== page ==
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  • Aperture: ƒ/11
  • Camera: NIKON D500
  • Taken: 27 January, 2018
  • Focal length: 16mm
  • ISO: 320
  • Shutter speed: 1/1000s

Welcome to pelican’s world.

The photo set presents DALMATIAN PELICANS. The pictures were taken in January 2018 in the north of Greece.
It is the biggest dalmatian pelicans colony in Europe and third in the world.
It took four days to capture the beauty of these animals in its fullness.
Each morning started with a trip by boat, which was followed by a series of pictures taken at the lake shore.
The sunrise and the sunset elicit the richness of the stunning nature which is showed in the photos.

Info about dalmatian pelicans:

The Dalmatian pelican (Pelecanus crispus) is a massive member of the pelican family, and the world’s largest freshwater bird. They are elegant soaring birds, with wingspans that rival that of the great albatrosses, and their flocks fly in graceful synchrony. It is a short to medium distance migrant between breeding and overwintering areas.

As with other pelicans, the males are larger than the females, and likewise their diet is mainly fish. Their curly nape feathers, grey legs and silvery-white plumage are distinguishing features, and the wings appear solid grey in flight. The adults acquire a drabber plumage in winter, however, when they may be mistaken for great white pelicans. Their harsh vocalizations become more pronounced during the mating season. They breed from southeastern Europe to Russia, India and China in swamps and shallow lakes. They usually return to traditional breeding sites, where they are less social than other pelican species. Their nests are crude heaps of vegetation, which are placed on islands or on dense mats of vegetation.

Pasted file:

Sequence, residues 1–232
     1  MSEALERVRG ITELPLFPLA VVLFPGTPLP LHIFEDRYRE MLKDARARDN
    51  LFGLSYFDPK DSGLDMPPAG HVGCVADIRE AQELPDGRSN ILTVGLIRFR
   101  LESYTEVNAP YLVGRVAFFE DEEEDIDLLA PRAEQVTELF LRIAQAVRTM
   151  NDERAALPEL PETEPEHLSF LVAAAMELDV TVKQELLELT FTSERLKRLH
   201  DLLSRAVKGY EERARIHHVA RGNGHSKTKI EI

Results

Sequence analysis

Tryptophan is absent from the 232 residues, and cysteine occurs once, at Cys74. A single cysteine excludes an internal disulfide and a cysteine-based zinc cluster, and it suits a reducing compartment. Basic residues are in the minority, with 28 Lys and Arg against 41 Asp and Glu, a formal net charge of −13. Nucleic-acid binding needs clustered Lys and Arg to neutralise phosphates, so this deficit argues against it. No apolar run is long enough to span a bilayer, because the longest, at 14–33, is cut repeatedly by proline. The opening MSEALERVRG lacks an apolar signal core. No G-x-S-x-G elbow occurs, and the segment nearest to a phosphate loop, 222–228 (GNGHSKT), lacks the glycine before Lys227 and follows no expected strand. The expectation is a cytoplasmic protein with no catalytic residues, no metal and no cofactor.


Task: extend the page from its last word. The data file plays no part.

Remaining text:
The species’ numbers underwent a dramatic decline during the 20th century, partly due to land use, disturbance and poaching activities. The core population survives in Russia, but in its Mongolian range it is critically endangered. Removal of power lines to prevent collisions or electrocution, and the construction of nesting platforms or rafts have reversed declines locally.

Source and more info: Wikipedia

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